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RE: Greg Paul's new (or newly named) iguanodonts
David Marjanovic wrote:
> Now this is interesting -- a phylogenetic definition for the name of a
> paraphyletic taxon! That's the first time such an idea is presented
Well, some fella named "Mike Taylor" suggested it (though not yet in print) ...
... and he was serious. :-)
BTW, I have no conscientious or ideological objections to naming paraphyletic
taxa, in principle. But I suspect that in practice these paraphyletic groups
could become more trouble than what they're worth. By definition, paraphyletic
groups could only be 'diagnosed' by characters they *don't* have, rather than
characters they do have. But the distinction could be lost by those who are
unfamiliar with phylogenetic nomenclature. Thus, these paraphyletic groups
could be mistaken as clades, and used (and abused) as such in
phylogenetic/evolutionary discussions. They would be not only misleading, but
potentially dangerous too.
For example, the paraphyletic group "Thecodontia" might be revived in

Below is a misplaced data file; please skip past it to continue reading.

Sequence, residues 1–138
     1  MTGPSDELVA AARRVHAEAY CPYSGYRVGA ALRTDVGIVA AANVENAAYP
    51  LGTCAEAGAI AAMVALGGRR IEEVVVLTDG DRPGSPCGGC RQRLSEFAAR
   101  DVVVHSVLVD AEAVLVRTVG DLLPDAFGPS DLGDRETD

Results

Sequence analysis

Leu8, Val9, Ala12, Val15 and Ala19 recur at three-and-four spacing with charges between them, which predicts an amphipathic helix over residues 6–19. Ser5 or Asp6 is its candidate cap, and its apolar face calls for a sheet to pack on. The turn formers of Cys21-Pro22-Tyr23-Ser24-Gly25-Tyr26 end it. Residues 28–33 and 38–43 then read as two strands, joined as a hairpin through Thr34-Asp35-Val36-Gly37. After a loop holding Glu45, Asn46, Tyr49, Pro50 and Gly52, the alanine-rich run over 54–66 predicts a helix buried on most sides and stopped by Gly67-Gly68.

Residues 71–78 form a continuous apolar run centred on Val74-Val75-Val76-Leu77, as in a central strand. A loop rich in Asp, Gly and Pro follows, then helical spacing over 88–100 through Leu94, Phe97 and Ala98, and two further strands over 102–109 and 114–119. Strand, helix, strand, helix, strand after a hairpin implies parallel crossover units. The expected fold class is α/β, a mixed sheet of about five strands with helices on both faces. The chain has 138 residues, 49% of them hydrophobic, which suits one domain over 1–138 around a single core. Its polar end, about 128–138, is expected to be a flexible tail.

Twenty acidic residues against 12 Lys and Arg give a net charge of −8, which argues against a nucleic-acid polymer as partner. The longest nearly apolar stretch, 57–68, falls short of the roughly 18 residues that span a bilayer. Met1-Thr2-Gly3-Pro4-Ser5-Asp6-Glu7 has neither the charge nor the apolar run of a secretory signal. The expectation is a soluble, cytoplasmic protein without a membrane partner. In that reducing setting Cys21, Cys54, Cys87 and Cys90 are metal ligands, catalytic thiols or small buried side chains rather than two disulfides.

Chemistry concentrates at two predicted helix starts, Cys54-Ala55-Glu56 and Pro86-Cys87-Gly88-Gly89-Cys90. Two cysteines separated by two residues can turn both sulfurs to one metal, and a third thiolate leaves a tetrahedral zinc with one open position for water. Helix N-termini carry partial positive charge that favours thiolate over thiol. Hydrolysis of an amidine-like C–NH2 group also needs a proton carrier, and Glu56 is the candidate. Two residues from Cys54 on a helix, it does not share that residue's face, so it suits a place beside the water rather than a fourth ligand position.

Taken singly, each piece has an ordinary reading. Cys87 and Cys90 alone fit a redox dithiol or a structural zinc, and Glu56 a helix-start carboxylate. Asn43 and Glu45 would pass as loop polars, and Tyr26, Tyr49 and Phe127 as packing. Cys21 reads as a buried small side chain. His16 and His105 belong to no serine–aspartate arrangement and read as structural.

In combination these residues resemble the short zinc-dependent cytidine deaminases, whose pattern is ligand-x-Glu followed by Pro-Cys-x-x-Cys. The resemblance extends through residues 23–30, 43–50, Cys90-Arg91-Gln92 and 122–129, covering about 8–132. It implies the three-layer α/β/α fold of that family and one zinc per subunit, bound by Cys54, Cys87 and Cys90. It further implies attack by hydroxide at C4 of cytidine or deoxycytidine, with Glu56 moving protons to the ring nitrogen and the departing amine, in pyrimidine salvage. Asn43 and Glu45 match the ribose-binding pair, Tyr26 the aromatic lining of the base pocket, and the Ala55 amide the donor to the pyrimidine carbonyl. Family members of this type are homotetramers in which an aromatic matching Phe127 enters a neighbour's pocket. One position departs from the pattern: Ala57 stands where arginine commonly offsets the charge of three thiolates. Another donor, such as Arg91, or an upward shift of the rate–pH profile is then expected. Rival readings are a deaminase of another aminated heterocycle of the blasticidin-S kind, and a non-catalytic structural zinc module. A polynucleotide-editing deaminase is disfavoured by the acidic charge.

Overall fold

discussions on bird origins, especially by the tiny minority who advocate a
non-dinosaurian origin of birds (and who, as it is, tend to play fast and loose
with phylogenetic concepts). We could see a paper containing sentences like
"Birds (Aves) probably evolved from Thecodontia, given that primitive birds
share the following characters with thecodonts..." Naming paraphyletic groups,
no matter how practical-minded and honorable the motive behind it, could
further confuse the distinction between derived/apomorphic and
primitive/plesiomorphic characters. I think the current practice of using
(admittedly cumbersome) terms such as "thecodont-grade archosauromorph" or
"non-dinosaurian archosauromorph" helps ensure that groups like "Thecodontia"
continue to be *excluded* from phylogenetic discussions.
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